It is further contended that, no doubt Commissioner (A) has no power to condone delay but there is plethora of judgments delivered by different High Courts where Hon’ble Courts have either set aside Order-in-Appeal and remanded matter to Commissioner (A) to decide on merits or set aside Order-in-Original holding that demand is not maintainable even though delay was not condoned.

In support of his contention, Ld. Counsel cited judgment of this Court in the case of JCB India Ltd. Vs. UOI 2014 (301) E.L.T. 209 (P&H) wherein Order-in-Original was set aside. The department has filed Civil Appeal No. 948 of 2016 before Hon’ble Supreme Court which stands admitted.

Ld. Counsel further on the identical issue cited judgment of Jharkhand High Court in the case of Adhunik Power Transmission Ltd. Vs. UOI 2015 (329) E.L.T. 58 (Jhar.), Madras High Court in the case of M/s Wabco India Ltd. Vs. Joint Commissioner of Central Excise – 2016-TIOL-1281-HC-MAD-CX, Karnataka High Court in the case of Apotex Research Pvt. Ltd. Vs. UOI & Others – 2017-TIOL-93-HC-KAR-CX, Karnatak High Court in the case of Practice Strategic Communications India Pvt. Ltd. C.S.T., Domlur 2016 (45) S.T.R. 47 (Kar.), Allahabad in the case of Central Industrial Security Force Vs. Commr. of CGST & C. Ex. 2018 (14) G.S.T.L. 198 (All.) = 2018-TIOL-1188-HC-ALL-ST, Uttrakhand High Court in the case of Central Industrial Security Force Vs. Commissioner of Central Excise and Service Tax – 2017-TIOL-1055-HC-UKHAND-ST.

5. Ld. Counsel for the respondent did not dispute the fact that Ld. Tribunal has already dropped demand in the case of other parties for the period prior to 15.05.2014 and the entire period involved in the case of petitioner is prior to 15.05.2014 except two months, however Ld. Counsel contended that the Petitioner was bound to file Appeal within 60 days and Commissioner (A) has rightly held that he has no power to condone delay beyond 30 days. In the absence of power to condone delay, the Commissioner (A) has rightly held that delay cannot be condoned. The department has filed Civil Appeal No. 948 of 2016 before the Hon’ble Supreme Court assailing order passed by this Court in the case of JCB India Ltd. (supra). He further cited judgment of Delhi High Court in the case of Delta Impex Vs. Commissioner of Customs (ACU), New Delhi 2004(173) E.L.T. 449 (Del.) = 2004-TIOL-08-HC-DEL-CUS and Andhra Pradesh High Court in the case of Shanti Alloys Pvt. Ltd. Vs. Commissioner of C.Ex., Hyderabad 1999(109) E.L.T. 79 (A.P.).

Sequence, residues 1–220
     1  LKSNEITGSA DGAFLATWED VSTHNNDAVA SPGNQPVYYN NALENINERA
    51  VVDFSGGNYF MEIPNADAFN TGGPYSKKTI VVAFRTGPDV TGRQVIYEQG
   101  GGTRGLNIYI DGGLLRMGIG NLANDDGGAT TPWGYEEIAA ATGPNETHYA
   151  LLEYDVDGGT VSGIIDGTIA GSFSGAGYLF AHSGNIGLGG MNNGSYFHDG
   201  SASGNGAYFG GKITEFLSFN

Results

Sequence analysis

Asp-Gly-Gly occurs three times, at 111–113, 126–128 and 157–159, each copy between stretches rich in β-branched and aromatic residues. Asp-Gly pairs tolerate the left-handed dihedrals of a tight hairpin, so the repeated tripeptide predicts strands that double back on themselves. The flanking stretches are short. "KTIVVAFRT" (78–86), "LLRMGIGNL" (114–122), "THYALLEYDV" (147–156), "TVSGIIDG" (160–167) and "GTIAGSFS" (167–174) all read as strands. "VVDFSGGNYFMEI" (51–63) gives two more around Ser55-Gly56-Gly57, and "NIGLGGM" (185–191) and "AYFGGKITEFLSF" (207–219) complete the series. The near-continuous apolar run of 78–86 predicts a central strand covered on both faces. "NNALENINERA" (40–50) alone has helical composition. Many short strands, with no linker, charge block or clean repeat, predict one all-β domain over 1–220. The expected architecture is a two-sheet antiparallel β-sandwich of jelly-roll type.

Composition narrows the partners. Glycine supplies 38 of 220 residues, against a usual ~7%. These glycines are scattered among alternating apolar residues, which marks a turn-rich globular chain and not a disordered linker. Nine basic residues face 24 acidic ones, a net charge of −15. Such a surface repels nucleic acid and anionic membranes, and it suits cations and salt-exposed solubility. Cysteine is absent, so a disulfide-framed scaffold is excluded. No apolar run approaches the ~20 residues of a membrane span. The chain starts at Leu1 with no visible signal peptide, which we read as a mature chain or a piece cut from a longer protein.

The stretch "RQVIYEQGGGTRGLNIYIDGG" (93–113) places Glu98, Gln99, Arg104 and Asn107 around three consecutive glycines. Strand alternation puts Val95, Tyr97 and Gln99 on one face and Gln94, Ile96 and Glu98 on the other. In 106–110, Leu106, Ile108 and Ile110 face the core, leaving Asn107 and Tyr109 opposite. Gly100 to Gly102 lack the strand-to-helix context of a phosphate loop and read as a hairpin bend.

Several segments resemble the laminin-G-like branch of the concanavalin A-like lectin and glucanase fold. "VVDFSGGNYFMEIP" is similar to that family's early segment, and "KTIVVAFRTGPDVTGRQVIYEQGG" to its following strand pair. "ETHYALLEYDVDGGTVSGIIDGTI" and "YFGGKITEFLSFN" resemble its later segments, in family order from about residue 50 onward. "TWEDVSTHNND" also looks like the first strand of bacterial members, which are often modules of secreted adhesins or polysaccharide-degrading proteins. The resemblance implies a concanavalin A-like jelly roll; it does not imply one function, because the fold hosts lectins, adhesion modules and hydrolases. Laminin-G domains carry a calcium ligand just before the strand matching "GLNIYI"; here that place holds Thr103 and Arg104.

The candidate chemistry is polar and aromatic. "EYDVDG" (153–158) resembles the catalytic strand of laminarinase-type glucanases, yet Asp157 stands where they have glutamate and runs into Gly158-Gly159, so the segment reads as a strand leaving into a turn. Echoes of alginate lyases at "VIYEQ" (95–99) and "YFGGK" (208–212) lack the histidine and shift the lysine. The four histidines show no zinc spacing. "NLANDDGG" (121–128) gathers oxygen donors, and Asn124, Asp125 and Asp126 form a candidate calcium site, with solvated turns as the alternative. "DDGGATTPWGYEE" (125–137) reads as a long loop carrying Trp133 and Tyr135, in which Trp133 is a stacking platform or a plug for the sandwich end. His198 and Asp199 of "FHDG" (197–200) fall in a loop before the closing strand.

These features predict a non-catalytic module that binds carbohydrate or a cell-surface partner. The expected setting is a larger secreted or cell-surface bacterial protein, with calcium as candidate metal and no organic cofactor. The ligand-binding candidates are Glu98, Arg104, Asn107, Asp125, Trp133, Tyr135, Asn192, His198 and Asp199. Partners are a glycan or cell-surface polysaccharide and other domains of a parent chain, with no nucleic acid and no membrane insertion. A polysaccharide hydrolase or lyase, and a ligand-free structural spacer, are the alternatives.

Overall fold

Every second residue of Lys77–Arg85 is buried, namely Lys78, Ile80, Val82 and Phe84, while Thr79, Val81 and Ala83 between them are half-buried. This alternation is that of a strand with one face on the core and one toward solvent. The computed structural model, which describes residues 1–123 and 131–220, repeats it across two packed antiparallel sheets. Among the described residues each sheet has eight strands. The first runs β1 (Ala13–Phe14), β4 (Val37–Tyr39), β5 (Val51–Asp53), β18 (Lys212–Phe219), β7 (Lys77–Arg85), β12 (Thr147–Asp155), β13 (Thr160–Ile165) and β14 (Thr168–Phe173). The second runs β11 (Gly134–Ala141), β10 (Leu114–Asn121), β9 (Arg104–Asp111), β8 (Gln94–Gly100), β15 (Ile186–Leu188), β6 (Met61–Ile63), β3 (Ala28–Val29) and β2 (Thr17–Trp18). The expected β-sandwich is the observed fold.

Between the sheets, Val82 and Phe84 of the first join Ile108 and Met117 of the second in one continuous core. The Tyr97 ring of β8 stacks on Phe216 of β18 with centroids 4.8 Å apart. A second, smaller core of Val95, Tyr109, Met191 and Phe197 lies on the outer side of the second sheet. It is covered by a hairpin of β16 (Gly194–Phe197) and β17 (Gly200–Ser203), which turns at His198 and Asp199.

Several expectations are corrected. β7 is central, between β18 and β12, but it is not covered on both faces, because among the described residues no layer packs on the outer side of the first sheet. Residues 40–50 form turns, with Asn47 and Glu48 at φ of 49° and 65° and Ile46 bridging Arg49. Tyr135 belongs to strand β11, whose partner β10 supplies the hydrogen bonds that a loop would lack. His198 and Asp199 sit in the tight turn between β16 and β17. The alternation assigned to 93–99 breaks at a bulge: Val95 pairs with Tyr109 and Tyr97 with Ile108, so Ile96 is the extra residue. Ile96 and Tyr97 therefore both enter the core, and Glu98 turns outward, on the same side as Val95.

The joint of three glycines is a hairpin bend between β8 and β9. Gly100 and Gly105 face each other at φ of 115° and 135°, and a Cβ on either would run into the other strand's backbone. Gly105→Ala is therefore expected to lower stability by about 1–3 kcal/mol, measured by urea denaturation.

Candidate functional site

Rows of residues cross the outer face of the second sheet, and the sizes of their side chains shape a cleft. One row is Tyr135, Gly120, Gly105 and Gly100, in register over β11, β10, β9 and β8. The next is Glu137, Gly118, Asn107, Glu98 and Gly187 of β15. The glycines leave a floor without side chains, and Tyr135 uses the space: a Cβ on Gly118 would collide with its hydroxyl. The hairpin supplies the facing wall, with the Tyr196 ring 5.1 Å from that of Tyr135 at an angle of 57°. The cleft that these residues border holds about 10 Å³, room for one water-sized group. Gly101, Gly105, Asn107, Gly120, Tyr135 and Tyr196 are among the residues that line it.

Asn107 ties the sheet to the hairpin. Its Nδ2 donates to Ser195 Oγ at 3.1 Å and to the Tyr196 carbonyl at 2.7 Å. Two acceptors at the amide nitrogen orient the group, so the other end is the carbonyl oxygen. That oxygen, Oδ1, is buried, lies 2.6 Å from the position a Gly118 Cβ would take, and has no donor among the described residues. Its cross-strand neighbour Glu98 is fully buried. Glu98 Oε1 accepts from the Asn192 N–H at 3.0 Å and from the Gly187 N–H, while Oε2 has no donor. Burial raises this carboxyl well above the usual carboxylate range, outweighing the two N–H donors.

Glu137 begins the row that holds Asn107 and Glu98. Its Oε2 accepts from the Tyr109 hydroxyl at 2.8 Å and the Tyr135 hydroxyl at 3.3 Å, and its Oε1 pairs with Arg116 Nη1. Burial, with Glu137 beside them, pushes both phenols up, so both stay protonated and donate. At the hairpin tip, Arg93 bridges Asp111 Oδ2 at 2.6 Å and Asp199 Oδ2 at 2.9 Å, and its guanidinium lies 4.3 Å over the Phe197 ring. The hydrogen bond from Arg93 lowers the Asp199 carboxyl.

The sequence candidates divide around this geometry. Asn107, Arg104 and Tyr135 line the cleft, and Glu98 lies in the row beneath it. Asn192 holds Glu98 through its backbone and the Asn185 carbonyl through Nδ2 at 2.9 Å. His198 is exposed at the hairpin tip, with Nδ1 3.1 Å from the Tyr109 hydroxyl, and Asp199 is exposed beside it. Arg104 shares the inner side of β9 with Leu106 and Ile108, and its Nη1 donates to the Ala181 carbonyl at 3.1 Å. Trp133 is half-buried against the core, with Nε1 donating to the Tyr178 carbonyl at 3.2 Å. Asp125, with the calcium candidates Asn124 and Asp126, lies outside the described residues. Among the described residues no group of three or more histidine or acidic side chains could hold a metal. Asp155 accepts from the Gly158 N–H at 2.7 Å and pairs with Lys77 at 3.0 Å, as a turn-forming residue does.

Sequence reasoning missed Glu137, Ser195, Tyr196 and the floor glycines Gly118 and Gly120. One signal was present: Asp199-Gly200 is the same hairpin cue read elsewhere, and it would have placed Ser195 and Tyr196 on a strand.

6. Before proceeding further, it would be profitable to have a look at Section 35 of the Central Excise Act under which appeal was filed before Commissioner (A). Section 35 reads as under:-

Section 35. Appeals to Commissioner (Appeals)-

(1) Any person aggrieved by any decision or order passed under this Act by a Central Excise Officer, lower in rank than a Principal Commissioner of Central Excise or Commissioner of Central Excise, may appeal to the Commissioner of Central Excise (Appeals) hereafter in this Chapter referred to as the Commissioner (Appeals) within sixty days from the date of the Communication to him of such decision or order: